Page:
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Household Taste

by Charles Eastlake

Primary authority on what was proper, beautiful, efficient in all aspects of mid-19th-century interior design. Originally published in 1868. Over 100 illustrations.
                                   
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A Look Inside a Victorian Home
by
Bob Brooke

 

There are lots of Victorian houses still in existence across the country. People live in most of them. Some of them have grand restored interiors and exteriors while others have fallen on hard times. A very few have been turned into museums, compared to houses dating from the late 18th and early 19th centuries. One such house, the Ebenezer Maxwell Mansion, in the Germantown section of Philadelphia, has been lovingly preserved as an example of Victorian living from the 1860s to the 1880s.

Although it’s called a mansion, this house isn’t any larger than others in the neighborhood off Germantown Avenue. In fact, some of them are grander but are private homes. Many have been modernized and converted to today’s lifestyle. But the authentically restored Maxwell Mansion retains its Victorian integrity, down to every detail.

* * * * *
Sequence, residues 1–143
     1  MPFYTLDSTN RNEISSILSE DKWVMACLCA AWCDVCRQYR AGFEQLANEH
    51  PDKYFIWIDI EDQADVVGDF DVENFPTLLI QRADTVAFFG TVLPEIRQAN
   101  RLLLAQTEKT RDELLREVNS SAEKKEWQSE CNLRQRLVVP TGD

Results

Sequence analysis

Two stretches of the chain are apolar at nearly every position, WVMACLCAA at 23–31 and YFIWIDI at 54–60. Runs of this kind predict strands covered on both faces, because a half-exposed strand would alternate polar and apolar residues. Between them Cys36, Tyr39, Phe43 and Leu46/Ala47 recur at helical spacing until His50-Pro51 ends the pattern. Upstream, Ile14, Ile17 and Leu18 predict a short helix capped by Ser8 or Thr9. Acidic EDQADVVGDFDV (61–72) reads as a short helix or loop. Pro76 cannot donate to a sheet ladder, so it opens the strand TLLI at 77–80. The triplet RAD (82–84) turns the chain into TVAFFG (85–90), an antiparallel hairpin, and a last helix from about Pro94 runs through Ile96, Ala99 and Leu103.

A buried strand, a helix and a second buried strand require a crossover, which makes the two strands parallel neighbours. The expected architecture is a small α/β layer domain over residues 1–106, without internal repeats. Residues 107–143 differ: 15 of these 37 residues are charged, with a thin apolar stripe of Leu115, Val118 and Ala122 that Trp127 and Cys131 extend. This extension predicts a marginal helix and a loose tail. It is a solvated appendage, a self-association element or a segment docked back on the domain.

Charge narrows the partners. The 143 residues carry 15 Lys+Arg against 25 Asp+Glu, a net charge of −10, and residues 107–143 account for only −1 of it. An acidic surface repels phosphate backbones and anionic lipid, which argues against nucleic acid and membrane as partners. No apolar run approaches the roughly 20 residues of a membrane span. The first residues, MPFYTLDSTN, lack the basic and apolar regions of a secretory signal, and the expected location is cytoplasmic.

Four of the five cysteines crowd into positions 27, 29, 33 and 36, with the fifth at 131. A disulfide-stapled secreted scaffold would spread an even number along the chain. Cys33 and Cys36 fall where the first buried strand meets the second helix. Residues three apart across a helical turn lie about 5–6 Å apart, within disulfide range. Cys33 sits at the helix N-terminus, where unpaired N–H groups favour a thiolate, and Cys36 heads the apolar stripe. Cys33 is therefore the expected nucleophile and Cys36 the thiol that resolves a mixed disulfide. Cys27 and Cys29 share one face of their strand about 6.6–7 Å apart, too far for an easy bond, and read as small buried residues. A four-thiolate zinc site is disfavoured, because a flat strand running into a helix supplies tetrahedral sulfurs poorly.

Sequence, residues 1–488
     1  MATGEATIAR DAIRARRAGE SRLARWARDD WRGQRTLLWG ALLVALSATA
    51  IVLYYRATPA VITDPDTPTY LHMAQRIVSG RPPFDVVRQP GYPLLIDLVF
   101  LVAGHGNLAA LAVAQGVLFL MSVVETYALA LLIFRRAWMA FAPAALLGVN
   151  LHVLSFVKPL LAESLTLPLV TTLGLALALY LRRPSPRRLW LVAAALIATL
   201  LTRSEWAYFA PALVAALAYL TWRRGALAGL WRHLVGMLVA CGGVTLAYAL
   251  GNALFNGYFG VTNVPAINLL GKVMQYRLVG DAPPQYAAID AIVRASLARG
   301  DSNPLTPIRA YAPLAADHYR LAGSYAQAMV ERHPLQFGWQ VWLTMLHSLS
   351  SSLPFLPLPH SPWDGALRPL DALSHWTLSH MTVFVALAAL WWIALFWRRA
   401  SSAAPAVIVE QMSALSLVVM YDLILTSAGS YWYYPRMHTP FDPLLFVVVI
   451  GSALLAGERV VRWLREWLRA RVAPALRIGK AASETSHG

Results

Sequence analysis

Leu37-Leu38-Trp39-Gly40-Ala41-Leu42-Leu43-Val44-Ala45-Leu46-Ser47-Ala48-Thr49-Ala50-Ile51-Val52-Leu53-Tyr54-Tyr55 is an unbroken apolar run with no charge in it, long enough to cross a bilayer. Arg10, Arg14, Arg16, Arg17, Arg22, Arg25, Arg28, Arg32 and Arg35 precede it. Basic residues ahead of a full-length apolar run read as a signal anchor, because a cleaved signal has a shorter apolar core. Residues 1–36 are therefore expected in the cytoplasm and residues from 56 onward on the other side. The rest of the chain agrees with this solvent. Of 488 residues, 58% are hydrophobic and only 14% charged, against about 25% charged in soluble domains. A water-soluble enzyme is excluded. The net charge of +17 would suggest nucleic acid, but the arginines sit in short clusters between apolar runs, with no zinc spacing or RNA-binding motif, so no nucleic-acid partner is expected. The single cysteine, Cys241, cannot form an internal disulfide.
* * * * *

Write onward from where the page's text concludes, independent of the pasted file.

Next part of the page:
The Ebenezer Maxwell mansion, built by Ebenezer Maxwell, a cloth merchant, and his wife, Anna Smith Maxwell in 1859, is an authentically restored house of wood and local schist stone surrounded by an extensive garden.

This Victorian Gothic extravaganza of elongated windows, arches and a three-story tower rising behind a cluster of trees was the result of Maxwell’s business success.

Born on a farm in upstate New York in 1827, Ebenezer Maxwell came to Philadelphia in his early twenty’s to take a job as a salesman for a wholesale drug importer. Two years later, he went into the dry goods business with William Bangs, whom he had met in their downtown rooming house. They began by purchasing fabric from textile manufacturers, then selling that material to jobbers, who, in turn, sold the finished clothing to retail stores. In 1859 Maxwell married his second cousin, Anna Smith, daughter in a well-to-do Quaker family. That same year Anna’s father died and her inheritance contributed to the expansion of the Maxwell and Bangs textile trade. With their children, the Maxwells moved to the tranquility of the new suburbs where the Maxwells built their new home.

As you enter the center hall of the house today, you’ll feel as if the Maxwells have just stepped out for a moment. Gazing around, you’ll discover the comforts and taste of the rising middle class during the Victorian Era when central heat, indoor plumbing, and running water were luxuries and when gas lighting, grained woodwork and stencil ceiling decorations were emblems of social standing.